Browsing named entities in Medford Historical Society Papers, Volume 16.. You can also browse the collection for Peter C. Brooks or search for Peter C. Brooks in all documents.

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Medford Historical Society Papers, Volume 16., Distinguished guests and residents of Medford. (search)
ch times, but as they are found in the histories by Brooks and by Usher, they need no mention. Although the 1806, to August, 1807. He studied medicine with Dr. Brooks, and after settling in Portland, Me., came to Medl type in dignity, graciousness and worth, like Doctors Brooks and Swan, and was greatly beloved and highly resuite in carriages to return a call made him by Governor Brooks, partook of an elegant collation, visited the drhood, and on the Saturday following dined with Governor Brooks returning to Boston at 6 o'clock. The eleganefer to the reception given to the president by Peter C. Brooks at his fine country estate in West Medford, to unced. Edward Everett married a daughter of Peter C. Brooks and lived for a while in the house on High streccupied by the Misses Ayres. Another daughter of Mr. Brooks married Charles Francis Adams, son of John Quincy Adams, in 1829. At that time Mr. Brooks had the reputation of being the wealthiest man in New England. A
Letter to the Editor. West Medford, December 2, 1912. Editor of the Register:— Some six years ago, while searching among the ancient files in Harvard College Library for other information, I came across a map or plan of land near Medford Square that interested me. Procuring a sheet of tracing paper I made a copy of the same. I learned that it was the graduation thesis of a Medford boy, who afterward studied medicine with Dr. Brooks, and who succeeded to the latter's practice when he was elected governor. A little later a friend, Frank V. Smith, artist and book illustrator, reproduced the same for me on Bristol board, and his work is practically a fac-similie of the original. I am turning it over to the Historical Society, as being of interest and a record of the locality of over a century ago. The quaint letters of the long S script made by the young collegian are as accurate as I could trace them. The modern lettering of the title is the hand of the artist, who fo
on the highways many years, said that after its removal the stone post was built into a bridge over Gravelly brook, and that the heavy cap-stone lay for a time in the department yard on Swan street. We well remember the old way-mark at the street corner, a portion painted white to receive the black letters. As we recall it, there was a lantern projected cornerwise from it over the sidewalk and lighted with gas. Mr. Wait's letter suggests a study of the view of Medford Square shown in Brooks' history. In that steel engraving (from a daguerreotype by Wilkinson) the tall stone post is clearly shown, surmounted by another (probably of iron) bearing a lantern at its top. The lantern was nearly level with the window-sills in the town hall. This picture is of itself an interesting study, a record of conditions of sixty years ago. The classic town house, that has been styled the Parthenon of Medford, is the central figure and stands at a higher elevation than now, evidenced by the st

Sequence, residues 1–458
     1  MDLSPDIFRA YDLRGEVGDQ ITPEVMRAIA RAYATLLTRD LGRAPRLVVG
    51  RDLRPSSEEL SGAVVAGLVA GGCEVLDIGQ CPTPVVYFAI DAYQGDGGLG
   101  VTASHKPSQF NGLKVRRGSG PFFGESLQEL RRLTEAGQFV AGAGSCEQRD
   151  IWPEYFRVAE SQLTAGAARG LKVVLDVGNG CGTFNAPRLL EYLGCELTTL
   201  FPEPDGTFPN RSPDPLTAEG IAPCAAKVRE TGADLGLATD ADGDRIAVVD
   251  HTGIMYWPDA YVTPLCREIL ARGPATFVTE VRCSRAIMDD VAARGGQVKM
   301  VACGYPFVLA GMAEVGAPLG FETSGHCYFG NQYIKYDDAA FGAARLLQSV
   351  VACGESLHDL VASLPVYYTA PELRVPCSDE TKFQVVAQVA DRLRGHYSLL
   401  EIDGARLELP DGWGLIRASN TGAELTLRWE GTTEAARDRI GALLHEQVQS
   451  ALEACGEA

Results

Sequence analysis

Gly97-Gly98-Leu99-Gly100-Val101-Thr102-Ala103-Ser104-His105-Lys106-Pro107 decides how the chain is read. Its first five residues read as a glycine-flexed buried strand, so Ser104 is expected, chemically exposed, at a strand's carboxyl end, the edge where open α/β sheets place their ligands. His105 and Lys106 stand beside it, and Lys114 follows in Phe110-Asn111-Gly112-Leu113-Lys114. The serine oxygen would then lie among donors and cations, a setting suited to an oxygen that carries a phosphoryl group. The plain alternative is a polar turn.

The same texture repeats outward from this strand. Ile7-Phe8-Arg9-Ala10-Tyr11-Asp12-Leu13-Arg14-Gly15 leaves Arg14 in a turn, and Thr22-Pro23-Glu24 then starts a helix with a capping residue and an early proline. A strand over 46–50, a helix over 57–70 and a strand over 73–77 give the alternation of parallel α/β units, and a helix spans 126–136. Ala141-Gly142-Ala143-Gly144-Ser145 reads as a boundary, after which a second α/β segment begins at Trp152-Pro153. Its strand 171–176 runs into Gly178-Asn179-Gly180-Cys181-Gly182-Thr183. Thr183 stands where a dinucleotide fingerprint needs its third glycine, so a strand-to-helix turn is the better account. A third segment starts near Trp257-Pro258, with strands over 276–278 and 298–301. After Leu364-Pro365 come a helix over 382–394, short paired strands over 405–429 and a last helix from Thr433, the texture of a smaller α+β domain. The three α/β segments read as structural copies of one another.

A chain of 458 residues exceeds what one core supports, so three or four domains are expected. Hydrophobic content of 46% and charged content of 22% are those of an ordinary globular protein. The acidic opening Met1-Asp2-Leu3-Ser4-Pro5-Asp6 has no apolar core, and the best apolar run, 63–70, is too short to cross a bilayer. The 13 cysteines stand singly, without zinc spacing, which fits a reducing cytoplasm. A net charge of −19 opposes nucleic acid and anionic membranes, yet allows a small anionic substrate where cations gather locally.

humble. It happens whenever and wherever the spirit of human curiosity, ambition, or adventure sets itself against the strength of the god of the waters. In the following list, compiled by Francis A. Wait, the deaths were in the Mystic river, unless otherwise noted:— NAMETIMEAGE Asyeil, DavidSept. 13, 184618 Beard, Lewis FoundApr. 9, 184938 Blanchard, SamuelMar. 27, 18198 Boffee—s, Thomas June 4, 178514 Bradbury, Henry Wymond Nov. 8, 1810 6 Brill, William S. G. Mar. 3, 1806 10 Brooks, Samuel (suposs'd to have been lost at Sea) 1800 Butterfield, Isaac W. Apr. 4, 1842 Butters, William H. (by a fall from Mast head on board the ship James L. Shepard) On the second floor of a building setting back from Main street, near Cradock bridge, on the northerly corner was a Total Abstinence Club room. On the end of the building, quite near the water, were outside stairs. Butterfield, coming down these stairs, walked into the river. He was a farm hand at Peter C. Hall's, on